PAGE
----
Five things you need to know about trade marks: Stanmore IP

1. What is a trade mark?

A trade mark is your business identifier. It makes you stand out from the crowd of other businesses offering similar products/services. It can be many different things, usually it would be your brand name, product name, your logo, but it could also be the shape of your product, or even the musical jingle you use (think of the Intel sound). Anything that uniquely identifies your business/product/service; that your customers associate only with you and your business. It gives them the guarantee that they know what to expect when they see your trade mark. It’s how you know you’re buying your favourite coffee, or avoiding the restaurant chain that gave your friend food-poisoning.

2. Why do I need to register my trade mark?

Lots of business owners believe that having their domain name registered, a company name registered with Companies House, and a Facebook page is the same as brand protection. It isn’t. Those things give you some rights in the name you have chosen, but not much more than the paper they’re written on (literally).

Registering your trade mark gives you certain enhanced rights that you don’t get so easily with reputation-based unregistered rights, including the assumed right to use the trade mark.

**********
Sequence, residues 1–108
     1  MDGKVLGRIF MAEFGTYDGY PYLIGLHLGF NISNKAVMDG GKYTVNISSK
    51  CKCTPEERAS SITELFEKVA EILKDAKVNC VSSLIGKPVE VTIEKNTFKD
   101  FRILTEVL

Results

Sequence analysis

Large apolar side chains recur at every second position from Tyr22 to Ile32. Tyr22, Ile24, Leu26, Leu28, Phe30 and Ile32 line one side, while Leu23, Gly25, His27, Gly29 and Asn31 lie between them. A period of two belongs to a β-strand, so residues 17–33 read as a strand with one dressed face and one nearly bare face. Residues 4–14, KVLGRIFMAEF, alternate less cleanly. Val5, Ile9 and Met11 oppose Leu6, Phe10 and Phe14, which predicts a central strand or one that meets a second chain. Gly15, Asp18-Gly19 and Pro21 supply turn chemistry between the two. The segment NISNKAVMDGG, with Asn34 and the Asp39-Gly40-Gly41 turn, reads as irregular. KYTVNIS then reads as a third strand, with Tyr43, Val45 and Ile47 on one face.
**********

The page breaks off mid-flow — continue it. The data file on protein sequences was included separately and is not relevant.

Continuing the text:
It also gives you provides you with a tangible asset for your business. It is something you are then able to sell, to license, even to mortgage if you need to. It gives you certainty which in turn gives key people, like investors, certainty. You may have seen Dragon’s Den and noticed that one of the first questions a potential investee is asked is what intellectual property protection they have in place.

It also makes sure that you have protection across the whole country equally. So you can prevent those pesky copycats setting up in John O’Groats just as easily as preventing the people living next door.

3. How do you protect a trade mark?

In the UK, and in most other countries, you need to:

  • Know what you’re protecting (is it a word, a logo, is it in colour etc)
  • Know what goods/services you are going to provide and list them specifically
  • Know which “Class(es)” those goods/services are categorised in
  • Know who is going to own the trade mark, as an asset of a business it might be you personally, jointly with your business partner(s), a company, a specialist IP holding company, or your Granny.
  • Have the money to pay the fees.

Once you have the above sorted, you file an application with the government office, in the UK this is the UK Intellectual Property Office. They will then review the application and check it meets their requirements. If it does, it will be published for opposition purposes – this allows other people a couple of months to object to your application if they want to. Assuming no one opposes the application, the government office will send you a registration certificate and you will be the proud owner of a registered trade mark.

The whole process takes about four months if the application progresses without a hitch. Once the trade mark is registered the protection dates from the date you filed the application.

4. How much does it cost and is it worth it?